In 2003, during a visit with Francois Barmes (the very talented Alsacienne winemaker of Domaine Barmes Buecher) we tasted a wine that Francois had been making for a few years called Sept Grains. Literally "7 grapes", the wine was made by collecting all the free run juice from every cepage (grape variety), from every vineyard that Francois brought into the winery. Included was everything from the everyday Pinot Blanc to the Grand Cru Rieslings and Pinot Gris. The wine, each year, is an amalgam of the winery, and a terrific welcome mat to the wines of the domaine, and to Alsacienne wines in general.
Knowing that Oregon was successfully growing many of the same grapes, it was determined a similar blend should be attempted. "IV" pays homage to Francois' idea, an Oregon "edelzwicker" if you will. Don't be fooled by the tall "hock" bottle though--this is dry wine with serious, fruit-rich aromatics. Riesling and Pinot Blanc lead the way with nectarine, white peach, and melon aromatics. Chardonnay (all tank fermented) provides richness and weight, and Pinot Gris gives a slight minerality and freshness. It's a wine to consume now, in its youth, for its clean, generous quality, and refreshing style.
REAL is a new Oregon venture dedicated to the production of Pinot Noir, and "IV", an Alsacienne-minded blend of the 4 primary white grapes of Oregon--Riesling, Pinot Blanc, Pinot Gris, and Chardonnay. REAL sources its grapes from vineyards like Stoller, Ridgecrest, and Corral Creek, the estate vineyards, and backbone, of Chehalem's offerings for nearly 20 years.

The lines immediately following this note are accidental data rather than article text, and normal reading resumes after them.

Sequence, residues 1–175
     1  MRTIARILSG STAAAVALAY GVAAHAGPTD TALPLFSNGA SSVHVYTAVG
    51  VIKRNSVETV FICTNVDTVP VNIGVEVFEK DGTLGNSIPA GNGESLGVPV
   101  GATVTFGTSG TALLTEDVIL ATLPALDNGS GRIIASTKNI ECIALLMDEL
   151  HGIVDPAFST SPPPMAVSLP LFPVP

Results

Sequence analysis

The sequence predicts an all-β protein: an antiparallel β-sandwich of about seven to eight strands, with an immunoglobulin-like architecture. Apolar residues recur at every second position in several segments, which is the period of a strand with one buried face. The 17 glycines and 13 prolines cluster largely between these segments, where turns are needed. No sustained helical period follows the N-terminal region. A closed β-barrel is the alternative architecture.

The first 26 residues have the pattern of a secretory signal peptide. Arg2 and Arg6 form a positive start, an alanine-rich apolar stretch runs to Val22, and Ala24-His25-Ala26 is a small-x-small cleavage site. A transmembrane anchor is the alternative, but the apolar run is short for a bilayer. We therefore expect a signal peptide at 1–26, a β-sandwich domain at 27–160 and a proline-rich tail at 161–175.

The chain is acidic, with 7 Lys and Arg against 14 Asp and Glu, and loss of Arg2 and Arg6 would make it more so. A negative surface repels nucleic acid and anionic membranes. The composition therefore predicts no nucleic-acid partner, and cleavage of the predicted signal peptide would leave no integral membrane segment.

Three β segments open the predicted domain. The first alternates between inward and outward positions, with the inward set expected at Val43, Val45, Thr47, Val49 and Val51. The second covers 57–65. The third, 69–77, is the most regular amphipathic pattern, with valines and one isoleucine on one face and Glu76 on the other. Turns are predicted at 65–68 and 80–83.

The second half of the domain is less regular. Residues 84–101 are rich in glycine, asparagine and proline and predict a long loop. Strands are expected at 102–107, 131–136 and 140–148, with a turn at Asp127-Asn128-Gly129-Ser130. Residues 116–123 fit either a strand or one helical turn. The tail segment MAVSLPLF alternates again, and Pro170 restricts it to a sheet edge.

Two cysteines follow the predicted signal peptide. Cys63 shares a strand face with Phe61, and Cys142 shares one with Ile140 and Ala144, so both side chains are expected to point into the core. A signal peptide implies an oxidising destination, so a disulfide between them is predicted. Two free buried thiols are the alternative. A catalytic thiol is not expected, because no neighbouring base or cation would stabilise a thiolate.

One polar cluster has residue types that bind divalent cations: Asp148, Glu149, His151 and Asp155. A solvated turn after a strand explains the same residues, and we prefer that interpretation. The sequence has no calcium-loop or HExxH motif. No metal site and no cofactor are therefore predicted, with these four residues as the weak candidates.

Under the tutelage of Chehalem's Harry Peterson-Nedry the owners of REAL concentrate on small batch production (200 cases of red, 250 of white) while leaning on the experience of one of Oregon's most accomplished and respected winemakers.
Hot summer temps, like in 2006, usually lead to full, flabby, high alcohol white wines. Patient grape growers however (especially for white grapes), are rewarded in Oregon. By early September, when real ripening and flavor development occurs, warm days were followed by very cool nights (great for acid retention), and finished wines are full of verve and nervousness, even if a little toward the rich side.
The "IV" grapes
Riesling (40%)--culled from Bill Stoller's Dundee Hills Vineyard, Chehalem's Corral Creek and Ridgecrest (4 yr. old planting), this is Oregon Riesling at its best. I wish we could bottle it on its own. Harvested as late as October 23rd (late in Oregon), the grapes had awesome natural acidity and low pH. Eating the berries straight from the vine was rewarding on its own.
Pinot Blanc (40%)--all from Stoller Vineyard. Pinot Blanc gives flesh and weight to the blend. Typically a low acid grape and fairly one-dimensional, Stoller's grapes seem to give some tropical, peachy fruited-ness to finished wine.
Pinot Gris (10%)--With Alsace as the standard, we're looking for more than quaffable white wine here. The wine is fermented in tanks but some is transferred to barrels where it sits on its lees for added weight, richness, and complexity. Grapes come from all 3 Vineyards--Stoller, Corral Creek, and Ridgecrest.
Chardonnay (10%)--100% Dijon Clones from all 3 Vineyards gives a honeyed, apple-y profile and uniquely fresh acidity (for Chardonnay). Chardonnay is used in the blend to flesh out the finished wine and give a little beeswax to the aroma palate.